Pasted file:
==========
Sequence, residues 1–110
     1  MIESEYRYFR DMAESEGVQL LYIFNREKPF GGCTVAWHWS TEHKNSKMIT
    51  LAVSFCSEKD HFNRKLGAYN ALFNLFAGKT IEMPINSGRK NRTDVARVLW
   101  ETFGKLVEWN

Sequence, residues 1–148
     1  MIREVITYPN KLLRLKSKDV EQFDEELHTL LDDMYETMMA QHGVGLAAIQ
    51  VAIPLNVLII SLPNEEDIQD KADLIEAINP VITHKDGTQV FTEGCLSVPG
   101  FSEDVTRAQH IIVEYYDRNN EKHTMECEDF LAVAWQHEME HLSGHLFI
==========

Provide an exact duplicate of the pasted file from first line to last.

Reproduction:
Sequence, residues 1–110
     1  MIESEYRYFR DMAESEGVQL LYIFNREKPF GGCTVAWHWS TEHKNSKMIT
    51  LAVSFCSEKD HFNRKLGAYN ALFNLFAGKT IEMPINSGRK NRTDVARVLW
   101  ETFGKLVEWN

Sequence, residues 1–148
     1  MIREVITYPN KLLRLKSKDV EQFDEELHTL LDDMYETMMA QHGVGLAAIQ
    51  VAIPLNVLII SLPNEEDIQD KADLIEAINP VITHKDGTQV FTEGCLSVPG
   101  FSEDVTRAQH IIVEYYDRNN EKHTMECEDF LAVAWQHEME HLSGHLFI